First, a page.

Tuesday, May 18, 2010

What the [Korean] government should do before promoting adoption

Via KAAN, this article translated from the original Korean into English by the Korean Unwed Mothers Support Network:

In a report published by the Ministry of Health and Welfare on the 10th May, 54% of the 2,439 children adopted last year were adopted domestically.

However, when examining the statistics more thoroughly, one might wonder whether the government policy is desirable or not, even though it has contributed a lot to promoting domestic adoption. Last year, 84.9% of domestic adoptions (1116 adoptees), and 89.3% of international adoptions (1005 adoptees) were born of unwed mothers. It demonstrates that the government does not consider supporting unwed mothers in raising their own children in its policy.

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Mee-jung Lee, a researcher for the Korean Women’s Development Institute, pointed out that “Even though the parents are still alive, and Korea is no longer poor like it was after the Korean War, every year about 2500 children are given away for adoption. This is because the Korean government is holding off on providing a welfare system for single-mother families.” Pastor Do-Hyun Kim who runs ‘Koroot’, an organization which helps adoptees to visit their homeland, said “The first principle of child welfare is not about material wealth, but letting these children live with their own families”. He added, “Adoption should be the choice of the individual, not of the government”.
The article also includes an alarming statistic about adoption disruption in its argument for supporting single women who parent their children before supporting a program of domestic adoption: "1,314 children were adopted domestically last year; however, in 866 cases adoptive parents relinquished their parental responsibilities and gave their adoptive children back into care."  Wow.

6 comments:

Elizabeth@Romans8:15 said...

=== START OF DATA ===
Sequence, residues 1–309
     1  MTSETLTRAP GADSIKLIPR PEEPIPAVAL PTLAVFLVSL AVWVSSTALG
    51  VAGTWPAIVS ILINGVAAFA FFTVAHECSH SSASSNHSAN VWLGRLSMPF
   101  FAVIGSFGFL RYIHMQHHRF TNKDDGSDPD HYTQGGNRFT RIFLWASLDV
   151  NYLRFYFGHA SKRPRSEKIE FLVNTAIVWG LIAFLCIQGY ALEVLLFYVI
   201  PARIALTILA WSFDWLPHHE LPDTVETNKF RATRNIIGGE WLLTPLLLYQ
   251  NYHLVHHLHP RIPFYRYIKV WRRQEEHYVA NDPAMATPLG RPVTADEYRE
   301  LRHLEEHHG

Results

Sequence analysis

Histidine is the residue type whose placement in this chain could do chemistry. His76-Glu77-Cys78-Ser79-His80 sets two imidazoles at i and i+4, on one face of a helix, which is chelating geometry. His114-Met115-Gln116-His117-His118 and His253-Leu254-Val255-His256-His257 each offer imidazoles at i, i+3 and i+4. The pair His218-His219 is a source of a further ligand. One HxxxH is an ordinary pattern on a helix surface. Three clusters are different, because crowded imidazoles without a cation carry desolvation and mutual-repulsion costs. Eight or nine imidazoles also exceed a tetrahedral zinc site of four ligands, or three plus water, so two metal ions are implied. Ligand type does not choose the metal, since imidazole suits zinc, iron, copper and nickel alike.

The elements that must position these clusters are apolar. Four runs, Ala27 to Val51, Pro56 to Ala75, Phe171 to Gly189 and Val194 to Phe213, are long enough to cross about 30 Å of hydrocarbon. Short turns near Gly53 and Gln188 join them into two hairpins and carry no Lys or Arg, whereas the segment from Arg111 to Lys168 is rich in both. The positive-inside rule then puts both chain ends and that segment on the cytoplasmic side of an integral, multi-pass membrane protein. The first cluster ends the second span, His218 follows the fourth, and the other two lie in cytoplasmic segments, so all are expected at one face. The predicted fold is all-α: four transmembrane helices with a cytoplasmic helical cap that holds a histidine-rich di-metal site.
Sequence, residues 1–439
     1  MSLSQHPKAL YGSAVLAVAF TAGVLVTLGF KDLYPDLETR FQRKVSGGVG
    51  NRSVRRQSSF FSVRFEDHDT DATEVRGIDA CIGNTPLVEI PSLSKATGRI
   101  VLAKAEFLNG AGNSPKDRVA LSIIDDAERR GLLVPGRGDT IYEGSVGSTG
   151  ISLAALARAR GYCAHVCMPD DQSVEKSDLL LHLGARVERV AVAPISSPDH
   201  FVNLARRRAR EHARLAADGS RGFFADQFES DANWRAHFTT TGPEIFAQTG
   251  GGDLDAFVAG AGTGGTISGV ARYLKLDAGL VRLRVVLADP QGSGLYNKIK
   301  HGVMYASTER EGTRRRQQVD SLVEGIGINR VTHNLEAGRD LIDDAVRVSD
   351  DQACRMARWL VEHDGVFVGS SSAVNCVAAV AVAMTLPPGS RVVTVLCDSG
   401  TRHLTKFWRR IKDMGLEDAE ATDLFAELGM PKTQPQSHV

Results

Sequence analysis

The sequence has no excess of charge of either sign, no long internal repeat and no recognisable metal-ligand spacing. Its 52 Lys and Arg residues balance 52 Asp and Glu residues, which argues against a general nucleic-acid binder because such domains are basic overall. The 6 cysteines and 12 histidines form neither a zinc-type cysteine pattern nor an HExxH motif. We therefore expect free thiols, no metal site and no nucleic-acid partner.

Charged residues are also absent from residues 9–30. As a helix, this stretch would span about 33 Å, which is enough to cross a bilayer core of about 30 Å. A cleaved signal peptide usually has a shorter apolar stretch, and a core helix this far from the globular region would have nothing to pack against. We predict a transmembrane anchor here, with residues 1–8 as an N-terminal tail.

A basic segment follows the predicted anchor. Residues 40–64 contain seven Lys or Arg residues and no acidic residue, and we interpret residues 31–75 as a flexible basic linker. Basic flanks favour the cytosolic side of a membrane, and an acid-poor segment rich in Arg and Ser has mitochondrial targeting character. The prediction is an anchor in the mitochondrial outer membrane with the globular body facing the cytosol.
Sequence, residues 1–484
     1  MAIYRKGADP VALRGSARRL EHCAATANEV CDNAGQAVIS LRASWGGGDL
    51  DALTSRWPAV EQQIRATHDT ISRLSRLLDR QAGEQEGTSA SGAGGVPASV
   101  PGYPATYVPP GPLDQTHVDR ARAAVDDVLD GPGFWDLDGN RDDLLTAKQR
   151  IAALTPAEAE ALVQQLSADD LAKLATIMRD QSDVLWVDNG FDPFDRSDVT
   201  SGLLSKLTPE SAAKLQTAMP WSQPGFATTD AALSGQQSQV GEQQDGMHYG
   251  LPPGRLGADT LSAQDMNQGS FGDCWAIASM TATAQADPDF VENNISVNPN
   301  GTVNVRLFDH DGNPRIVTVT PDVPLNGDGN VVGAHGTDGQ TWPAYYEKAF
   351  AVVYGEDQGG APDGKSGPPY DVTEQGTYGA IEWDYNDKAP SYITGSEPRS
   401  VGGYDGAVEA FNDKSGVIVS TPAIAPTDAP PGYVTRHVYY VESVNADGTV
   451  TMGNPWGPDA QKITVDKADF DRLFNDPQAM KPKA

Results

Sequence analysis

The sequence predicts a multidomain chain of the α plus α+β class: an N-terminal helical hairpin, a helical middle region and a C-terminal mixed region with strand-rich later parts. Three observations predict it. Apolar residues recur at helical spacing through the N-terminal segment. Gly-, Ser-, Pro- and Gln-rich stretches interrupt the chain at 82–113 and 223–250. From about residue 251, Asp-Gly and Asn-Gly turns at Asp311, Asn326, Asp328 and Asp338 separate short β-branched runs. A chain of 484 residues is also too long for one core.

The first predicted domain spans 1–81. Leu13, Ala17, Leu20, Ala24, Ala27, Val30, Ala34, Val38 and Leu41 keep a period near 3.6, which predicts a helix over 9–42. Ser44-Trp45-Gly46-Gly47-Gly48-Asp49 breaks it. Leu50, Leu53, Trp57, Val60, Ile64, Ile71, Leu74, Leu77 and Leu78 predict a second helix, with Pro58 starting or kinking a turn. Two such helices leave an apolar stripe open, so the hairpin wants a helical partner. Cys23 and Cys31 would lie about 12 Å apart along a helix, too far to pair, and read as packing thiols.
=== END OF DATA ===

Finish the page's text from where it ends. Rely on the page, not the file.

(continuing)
Wow. That disruption statistic is staggering. I would love to see the Korean government step up to keep families intact.

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Rick Boas said...

To raise one's child is a matter of human rights, not just in Korea, but anywhere in the world, regardless of marital status. A capable, loving mother should be able to raise her child, without fear, discrimination or lack of support. On behalf of these unwed Korean moms and their kids, thank you for posting this important article.

Richard S. Boas, MD, President
Korean Unwed Mothers Support Network

www.kumsn.org

http://www.facebook.com/pages/Korean-Unwed-Mothers-Support-Network/376459336020?ref=ts

Anonymous said...

That's a 66% disruption rate! And I always thought domestic adoptions were better than international ones; now I'm not so sure. Is the high disruption rate caused by lack of family acceptance? Is the adopted child considered a "stranger" in the home because of the lack of shared genetics? I wonder what the government/agencies are doing to solve that horrible situation. The kids must be so traumatized.

Mary Ellen said...

the numbers regarding disruption of domestic adoptions in Korea is disturbing and sad. My son is from Korea and my heart breaks for these children & their first families who thought their children would be growing up in a family and not an institution.

LisaLew said...

I've never heard of such a high disruption rate. Are we sure that stat is real?!